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Bob has two detectors + and x. You can see it in the picture I sent. Alice sends a photon with vertical polarization and Bob uses the + detector and the detector is detecting Alice's photon.

Bob's + detector detects when the polarization of the photon from Alice is either vertical or horizontal. (because it is + detector)

Bob can only tell if his detector is detecting a photon or not, if it is detecting, how does he know that the photon that causes his detector to give an output is vertical or horizontal?

enter image description here

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  • $\begingroup$ It looks like you mean quantum-key-distribution. It is usually not considered part of quantum-cryptography. $\endgroup$
    – Maarten Bodewes
    Mar 11, 2023 at 16:13
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    $\begingroup$ @MaartenBodewes: actually, I believe that QKD is considered the prime example of Quantum Cryptography (that is, using the properties of Quantum Mechanics to achieve a cryptographical goal) $\endgroup$
    – poncho
    Mar 11, 2023 at 20:14
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    $\begingroup$ On the other hand, if the question is "how do photon polarization detectors work?", perhaps this be better answered on the physics stack exchange... $\endgroup$
    – poncho
    Mar 11, 2023 at 20:46
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    $\begingroup$ @poncho In e.g. the Wikipedia article it mentions that it is not quantum cryptography. I kind-of agree that it doesn't have much to do with cryptographic algorithms. That said, key establishment is very much cryptography in my opinion and it definitely uses quantum effects. So yeah, OK, it's quantum-crypto. In any case, I'll tag it QKD in addition (even if it is a subset and usually no other tags are required, I guess it won't hurt, and it's not like there is a lot of discussion running specific algorithms on a QC anyway). $\endgroup$
    – Maarten Bodewes
    Mar 12, 2023 at 2:57

1 Answer 1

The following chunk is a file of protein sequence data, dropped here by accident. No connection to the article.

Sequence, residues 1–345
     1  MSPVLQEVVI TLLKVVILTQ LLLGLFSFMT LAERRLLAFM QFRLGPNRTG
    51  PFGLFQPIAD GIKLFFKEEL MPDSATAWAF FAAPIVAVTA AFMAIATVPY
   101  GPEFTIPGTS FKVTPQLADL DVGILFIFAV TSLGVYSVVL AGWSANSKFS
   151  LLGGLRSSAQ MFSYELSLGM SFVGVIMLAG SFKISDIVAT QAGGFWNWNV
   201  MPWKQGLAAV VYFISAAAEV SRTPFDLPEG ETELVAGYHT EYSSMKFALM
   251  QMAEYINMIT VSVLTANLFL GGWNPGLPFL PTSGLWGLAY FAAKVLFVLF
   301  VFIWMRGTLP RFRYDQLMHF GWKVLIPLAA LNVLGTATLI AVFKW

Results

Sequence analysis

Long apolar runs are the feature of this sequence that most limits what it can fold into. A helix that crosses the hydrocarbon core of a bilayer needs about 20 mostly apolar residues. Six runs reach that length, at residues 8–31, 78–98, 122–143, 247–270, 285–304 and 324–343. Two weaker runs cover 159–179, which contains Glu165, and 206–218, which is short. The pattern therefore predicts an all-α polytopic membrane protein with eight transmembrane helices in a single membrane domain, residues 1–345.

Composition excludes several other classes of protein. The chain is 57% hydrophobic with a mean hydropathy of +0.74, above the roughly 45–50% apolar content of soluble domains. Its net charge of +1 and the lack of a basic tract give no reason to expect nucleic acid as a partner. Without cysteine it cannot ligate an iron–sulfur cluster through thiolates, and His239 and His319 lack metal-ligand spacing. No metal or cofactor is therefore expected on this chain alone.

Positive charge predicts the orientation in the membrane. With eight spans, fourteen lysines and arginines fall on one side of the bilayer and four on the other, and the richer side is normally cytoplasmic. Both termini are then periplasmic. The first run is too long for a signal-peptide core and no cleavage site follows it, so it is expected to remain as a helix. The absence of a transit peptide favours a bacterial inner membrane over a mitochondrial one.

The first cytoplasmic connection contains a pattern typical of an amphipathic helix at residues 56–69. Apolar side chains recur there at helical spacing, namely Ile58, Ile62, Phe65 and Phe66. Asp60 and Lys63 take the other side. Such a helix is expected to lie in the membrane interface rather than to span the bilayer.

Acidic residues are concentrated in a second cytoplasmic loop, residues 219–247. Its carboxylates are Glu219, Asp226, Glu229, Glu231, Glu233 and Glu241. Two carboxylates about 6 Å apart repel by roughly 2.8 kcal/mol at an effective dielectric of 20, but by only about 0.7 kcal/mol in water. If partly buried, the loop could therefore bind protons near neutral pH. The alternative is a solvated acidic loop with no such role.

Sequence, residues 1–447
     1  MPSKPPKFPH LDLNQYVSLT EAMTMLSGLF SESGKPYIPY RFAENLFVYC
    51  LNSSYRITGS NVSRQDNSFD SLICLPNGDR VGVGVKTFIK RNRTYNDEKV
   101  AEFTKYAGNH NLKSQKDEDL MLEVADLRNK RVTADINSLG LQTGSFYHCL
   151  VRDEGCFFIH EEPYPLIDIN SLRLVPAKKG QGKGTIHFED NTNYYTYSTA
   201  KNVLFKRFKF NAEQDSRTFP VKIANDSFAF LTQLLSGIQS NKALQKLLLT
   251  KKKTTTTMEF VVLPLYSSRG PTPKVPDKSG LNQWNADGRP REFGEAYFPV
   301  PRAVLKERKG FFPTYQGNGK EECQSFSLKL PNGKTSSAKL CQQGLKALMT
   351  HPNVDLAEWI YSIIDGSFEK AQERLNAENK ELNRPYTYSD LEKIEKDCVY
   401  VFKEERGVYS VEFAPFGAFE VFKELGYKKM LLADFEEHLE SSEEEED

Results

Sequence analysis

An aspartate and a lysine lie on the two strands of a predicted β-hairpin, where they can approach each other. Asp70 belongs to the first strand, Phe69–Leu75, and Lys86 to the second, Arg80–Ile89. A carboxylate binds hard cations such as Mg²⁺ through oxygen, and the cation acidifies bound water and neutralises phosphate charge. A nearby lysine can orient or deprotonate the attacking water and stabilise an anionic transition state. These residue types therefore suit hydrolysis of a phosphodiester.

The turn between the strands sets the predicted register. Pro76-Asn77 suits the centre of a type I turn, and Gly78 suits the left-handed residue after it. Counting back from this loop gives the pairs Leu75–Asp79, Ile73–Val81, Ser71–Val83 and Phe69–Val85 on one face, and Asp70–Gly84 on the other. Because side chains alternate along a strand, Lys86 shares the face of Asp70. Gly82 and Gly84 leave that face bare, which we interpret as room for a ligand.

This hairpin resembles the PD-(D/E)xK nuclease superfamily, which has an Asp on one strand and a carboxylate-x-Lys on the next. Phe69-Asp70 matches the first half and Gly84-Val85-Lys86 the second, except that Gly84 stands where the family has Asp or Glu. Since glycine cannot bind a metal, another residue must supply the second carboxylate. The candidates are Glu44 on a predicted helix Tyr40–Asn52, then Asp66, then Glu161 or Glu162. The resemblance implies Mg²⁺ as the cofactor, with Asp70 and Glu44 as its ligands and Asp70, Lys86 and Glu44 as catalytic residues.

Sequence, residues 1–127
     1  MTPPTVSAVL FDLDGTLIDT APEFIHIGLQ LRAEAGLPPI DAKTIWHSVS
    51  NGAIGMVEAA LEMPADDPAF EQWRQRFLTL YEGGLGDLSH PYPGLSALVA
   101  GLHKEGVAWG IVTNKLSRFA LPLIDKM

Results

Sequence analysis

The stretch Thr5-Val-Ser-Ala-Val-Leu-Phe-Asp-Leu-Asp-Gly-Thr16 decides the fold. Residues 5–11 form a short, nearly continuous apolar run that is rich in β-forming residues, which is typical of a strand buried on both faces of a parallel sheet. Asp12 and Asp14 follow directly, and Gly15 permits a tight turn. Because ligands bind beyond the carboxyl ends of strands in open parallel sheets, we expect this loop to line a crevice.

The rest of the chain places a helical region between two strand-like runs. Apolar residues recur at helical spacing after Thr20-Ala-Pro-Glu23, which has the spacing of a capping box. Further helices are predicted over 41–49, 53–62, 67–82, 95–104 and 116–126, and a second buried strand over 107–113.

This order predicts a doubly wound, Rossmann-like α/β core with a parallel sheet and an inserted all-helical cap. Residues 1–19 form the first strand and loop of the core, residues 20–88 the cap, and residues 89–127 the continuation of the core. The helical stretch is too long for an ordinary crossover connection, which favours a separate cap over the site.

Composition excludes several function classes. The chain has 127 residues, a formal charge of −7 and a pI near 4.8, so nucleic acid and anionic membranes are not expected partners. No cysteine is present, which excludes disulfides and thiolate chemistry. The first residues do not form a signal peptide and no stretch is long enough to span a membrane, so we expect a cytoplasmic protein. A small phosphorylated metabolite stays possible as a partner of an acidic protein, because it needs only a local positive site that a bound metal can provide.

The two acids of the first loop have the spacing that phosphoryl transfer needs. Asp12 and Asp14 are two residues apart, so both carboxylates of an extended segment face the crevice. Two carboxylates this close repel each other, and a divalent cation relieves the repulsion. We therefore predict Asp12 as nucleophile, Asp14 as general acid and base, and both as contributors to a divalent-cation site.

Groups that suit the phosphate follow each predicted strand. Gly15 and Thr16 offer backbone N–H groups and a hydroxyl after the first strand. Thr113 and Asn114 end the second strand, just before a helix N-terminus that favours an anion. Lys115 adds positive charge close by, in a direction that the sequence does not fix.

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Bob randomly chooses to measure each photon in either one of two bases: the horizontal-vertical basis or the $45^o$ basis. The former can distinguish a horizontal from a vertical photon, while the latter can distinguish a $+45^{o}$ photon from a $-45^o$ photon.

What Bob doesn't know, is whether he measured the photon via the same basis it is aligned by. For example, Bob may measure a $-45^o$ photon via the horizontal-vertical detector, which will give him an unreliable result. That is why, as you notice in the line before last of your diagram there is a "compatibility" property. After sending all the necessary photons to Bob, Alice uses a classical channel to communicate to Bob the bases she used when sending each photon, and Bob tells her for each one whether he used the compatible detector or not.

Since the bases themselves don't reveal the orientation of the photon (For example: knowing it is the horizontal-vertical basis doesn't tell you whether the photon was sent with the horizontal or vertical polarization) there's in theory no security problem in doing that. So, Alice and Bob throw away all the photon values that weren't sent and measured with the same basis (hence, such photons are incompatible) so they are left only with the photon values (bits) that are identical (have the same $1/0$ value) which they can then use as a key.

Of course, if very few photons are sent, an attacker listening on this channel might get lucky and orient his detector exactly like Bob did, and hence recover the key also. So in general such a protocol becomes more secure the more photons are sent. But there are probably many other attacks which are more complicated, involving weak measurements and so on. This is a separate topic.

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  • $\begingroup$ Re. last para. So the attacker's advantage would be through pure guesswork? And so a 256 bit key would be guessed as in other protocols at $P=\frac{1}{{2}^{256}}$? $\endgroup$
    – Paul Uszak
    Mar 13, 2023 at 13:17
  • $\begingroup$ No, since recall the classical channel communication is, AFAIK also assumed to be unencrypted (otherwise why do we need to agree on a key) so an attacker verifies whether he guessed the correct basis by intercepting this also. If he did, he measures the same bit as Bob did and he knows that. $\endgroup$
    – Amit
    Mar 13, 2023 at 13:34
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    $\begingroup$ BTW this protocol is called BB84 in case you or anyone else want to learn more about it, in particular the security analysis... $\endgroup$
    – Amit
    Mar 13, 2023 at 13:48
  • $\begingroup$ Although Alice and Bob use same + basis, it can be either vertical or horisontal, right? How can all the photons that they have left is all identical? $\endgroup$
    – Tatsuya
    Mar 13, 2023 at 14:48
  • $\begingroup$ @Tatsuya No, Alice and Bob randomly select either the x or + basis without knowing whether they used the same one or not. But the basis itself does not determine the value sent under this basis. + basis can distinguish $0^o$ from $90^o$ photons, and x can distinguish $45^o$ from $-45^o$ photons. The values are encoded in the angles (polarizations) of the photons, not in the basis. Alice is the one that selects the secret polarization for each photon she sends. For example if she selects a $+45^o$ it can only be correctly measured via the x basis. $\endgroup$
    – Amit
    Mar 13, 2023 at 14:57

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